“Despite carrying its burden to show the relevance of some of the financial data it seeks, plaintiff still falls short of carrying its burden to show the relevancy of the broad financial information plaintiff seeks relating to ISC. Plaintiff argues that the additional information might be relevant to demonstrate additional interrelationships between NASCAR and ISC. In light of the breadth of the requests and the sensitivity of the information and the fact that much information is already of public record through public filings by ISC, the court declines to require production outside of information previously produced relating to the premium stock car racing market.
“In addition, because plaintiff has barely crossed the threshold of making the showing of relevance required for production of such sensitive records at this time to better define the relevant market, the court will limit plaintiff to documents from no more than three calendar years, not to include data prior to 1997. If upon further analysis of this sampling of documents, plaintiff and plaintiff’s expert are able to make a much stronger showing of relevance, the court will reconsider plaintiff’s request for additional documents. All the financial information ordered to be produced by this Memorandum Order is subject to the previously entered protective order.”
Third, the plaintiff sought to compel four categories of documents which NASCAR and ISC have refused to produce: 1) documents in ISC’s possession prior to 1997; 2) documents in ISC’s possession concerning the formation of a joint venture with a non-party; 3) metadata concerning author and document creation information from ISC; and 4) documents relating to a prior antitrust case, Ferko v. Nascar, et al.
In a provocative argument, the defendant ISC accused the plaintiff “of engaging in a deliberate strategy ‘by exponentially increasing the time and money ISC must pay if it is to comply’ with discovery requests, in order to make discovery so expensive that the defendant will be forced into settlement. ISC bases its accusation upon a comment made by plaintiff’s banker in a commercial and industrial underwriting analysis: ‘one of the more likely outcomes of the suit is that the discovery phase continues for a period of time Until it becomes too uncomfortable for ISC and NASCAR and an offer is made to purchase the track. …’”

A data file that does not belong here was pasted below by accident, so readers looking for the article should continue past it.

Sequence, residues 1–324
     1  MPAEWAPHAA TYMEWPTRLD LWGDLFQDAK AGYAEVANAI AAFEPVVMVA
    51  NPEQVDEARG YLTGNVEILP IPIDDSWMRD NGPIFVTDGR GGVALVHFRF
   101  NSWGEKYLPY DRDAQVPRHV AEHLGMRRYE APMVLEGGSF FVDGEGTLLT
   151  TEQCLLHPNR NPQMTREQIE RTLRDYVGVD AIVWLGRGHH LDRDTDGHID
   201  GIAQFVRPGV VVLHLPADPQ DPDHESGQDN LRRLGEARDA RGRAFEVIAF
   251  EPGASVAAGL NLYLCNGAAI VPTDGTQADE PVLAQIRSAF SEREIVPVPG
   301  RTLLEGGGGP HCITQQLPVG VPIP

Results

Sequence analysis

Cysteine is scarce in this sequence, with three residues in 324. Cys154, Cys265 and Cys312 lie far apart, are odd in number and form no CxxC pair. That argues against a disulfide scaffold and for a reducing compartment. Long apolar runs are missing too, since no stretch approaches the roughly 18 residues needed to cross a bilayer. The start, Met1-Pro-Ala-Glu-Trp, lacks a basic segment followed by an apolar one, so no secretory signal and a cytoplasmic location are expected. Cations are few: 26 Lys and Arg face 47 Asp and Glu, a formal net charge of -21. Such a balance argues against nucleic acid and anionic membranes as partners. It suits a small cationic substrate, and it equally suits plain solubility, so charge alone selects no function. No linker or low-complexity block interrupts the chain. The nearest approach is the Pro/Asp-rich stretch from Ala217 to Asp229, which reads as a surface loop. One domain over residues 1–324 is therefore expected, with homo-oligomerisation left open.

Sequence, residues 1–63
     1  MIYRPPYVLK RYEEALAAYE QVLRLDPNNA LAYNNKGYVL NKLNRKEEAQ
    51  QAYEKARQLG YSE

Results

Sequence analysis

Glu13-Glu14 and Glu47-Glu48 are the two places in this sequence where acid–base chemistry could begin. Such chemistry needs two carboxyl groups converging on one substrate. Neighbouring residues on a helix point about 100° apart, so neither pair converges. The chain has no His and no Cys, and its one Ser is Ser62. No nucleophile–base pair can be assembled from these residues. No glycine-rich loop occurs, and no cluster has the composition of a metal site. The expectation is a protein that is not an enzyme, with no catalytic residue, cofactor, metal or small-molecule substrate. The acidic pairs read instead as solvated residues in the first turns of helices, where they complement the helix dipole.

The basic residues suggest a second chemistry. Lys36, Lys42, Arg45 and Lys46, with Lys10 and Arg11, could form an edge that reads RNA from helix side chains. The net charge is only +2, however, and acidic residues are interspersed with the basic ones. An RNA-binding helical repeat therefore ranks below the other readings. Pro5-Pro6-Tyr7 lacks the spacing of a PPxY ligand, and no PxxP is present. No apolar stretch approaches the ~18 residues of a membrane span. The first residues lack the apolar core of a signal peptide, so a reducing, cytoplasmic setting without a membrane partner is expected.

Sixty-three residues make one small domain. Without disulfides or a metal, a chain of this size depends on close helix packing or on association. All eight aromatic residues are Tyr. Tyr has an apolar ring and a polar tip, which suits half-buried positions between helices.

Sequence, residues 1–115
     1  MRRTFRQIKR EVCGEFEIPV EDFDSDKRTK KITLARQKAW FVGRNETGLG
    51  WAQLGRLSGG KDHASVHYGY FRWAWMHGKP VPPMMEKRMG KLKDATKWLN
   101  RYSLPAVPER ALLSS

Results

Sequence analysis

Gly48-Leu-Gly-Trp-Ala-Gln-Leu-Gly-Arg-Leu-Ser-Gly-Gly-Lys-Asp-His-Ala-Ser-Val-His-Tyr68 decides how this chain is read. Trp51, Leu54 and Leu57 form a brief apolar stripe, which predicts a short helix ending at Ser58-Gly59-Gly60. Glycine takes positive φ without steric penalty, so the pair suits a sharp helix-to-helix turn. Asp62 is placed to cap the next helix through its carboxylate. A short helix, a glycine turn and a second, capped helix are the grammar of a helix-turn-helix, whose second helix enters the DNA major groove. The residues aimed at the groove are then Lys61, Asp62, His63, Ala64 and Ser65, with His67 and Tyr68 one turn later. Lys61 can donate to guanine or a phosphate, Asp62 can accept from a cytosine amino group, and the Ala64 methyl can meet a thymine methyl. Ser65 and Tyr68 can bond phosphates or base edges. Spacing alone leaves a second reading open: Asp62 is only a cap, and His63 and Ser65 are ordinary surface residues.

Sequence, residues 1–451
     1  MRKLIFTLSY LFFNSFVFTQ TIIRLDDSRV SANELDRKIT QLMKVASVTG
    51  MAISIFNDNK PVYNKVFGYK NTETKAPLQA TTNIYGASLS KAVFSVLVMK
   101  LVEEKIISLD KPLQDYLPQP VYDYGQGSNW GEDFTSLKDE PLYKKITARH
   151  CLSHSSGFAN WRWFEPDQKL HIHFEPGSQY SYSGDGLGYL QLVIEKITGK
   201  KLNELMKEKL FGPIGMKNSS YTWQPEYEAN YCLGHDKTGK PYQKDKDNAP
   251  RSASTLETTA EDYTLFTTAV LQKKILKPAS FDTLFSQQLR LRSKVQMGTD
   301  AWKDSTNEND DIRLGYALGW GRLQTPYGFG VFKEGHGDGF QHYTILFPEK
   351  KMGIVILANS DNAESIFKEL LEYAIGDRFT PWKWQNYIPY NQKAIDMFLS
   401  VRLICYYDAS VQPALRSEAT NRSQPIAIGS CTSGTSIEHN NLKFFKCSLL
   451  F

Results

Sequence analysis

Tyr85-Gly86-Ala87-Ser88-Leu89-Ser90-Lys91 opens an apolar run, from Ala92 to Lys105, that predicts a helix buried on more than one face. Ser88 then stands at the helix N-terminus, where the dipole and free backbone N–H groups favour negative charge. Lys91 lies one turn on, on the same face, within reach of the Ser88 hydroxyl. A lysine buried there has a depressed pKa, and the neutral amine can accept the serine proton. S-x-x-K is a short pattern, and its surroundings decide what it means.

The court concluded otherwise, while promising that “should additional or stronger evidence of ill motive arise, the court may revisit this issue.”
Kentucky Speedway, LLC v. National Association of Stock Car Auto Racing, Inc. et al.; E.D.KY.; CIVIL ACTION NO. 05-138-WOB, 2006 U.S. Dist. LEXIS 92028; 12/18/06
Attorneys of Record: (for plaintiff) Arthur R. Miller, Harvard Law School, Cambridge, MA, US.; Fay E. Stilz, James Rubin Cummins, Paul M. DeMarco, Stanley M. Chesley, Waite, Schneider, Bayless & Chesley Co., LPA, Cincinnati, OH.; Justin A. Nelson, Susman Godfrey, L.L.P., Seattle, WA.; Stephen D. Susman, Vineet Bhatia, Susman Godfrey, L.L.P., Houston, TX.; W. B. Markovits, Markovits & Greiwe Co., LPA, Cincinnati, OH.; Mark D. Guilfoyle, Deters, Benzinger & LaVelle, P.S.C. – Crestview Hills, Crestview Hills, KY. (for defendant NASCAR) Helen M. Maher, Boies, Schiller & Flexner LLP – New York, Armonk, NY.; Kimberly S. Amrine, Matthew C. Blickensderfer, Frost Brown Todd LLC – Cincinnati, Cincinnati, OH.; Sheryl G. Snyder, Frost Brown Todd LLC – Louisville, Louisville, KY.; Stuart H. Singer, Boies, Schiller & Flexner, LLP – Fort Lauderdale, Fort Lauderdale, FL. (for defendant International Speedway Corporation) Chris W. Brophy, Guy I. Wade, III, Melissa J. Swindle, Rodney Acker, Jenkens & Gilchrist, P.C. – Dallas, Dallas, TX.; G. Jack Donson, Taft, Stettinius & Hollister, Cincinnati, OH.; Robert B. Craig, Taft, Stettinius & Hollister, LLP – Covington, Covington, KY.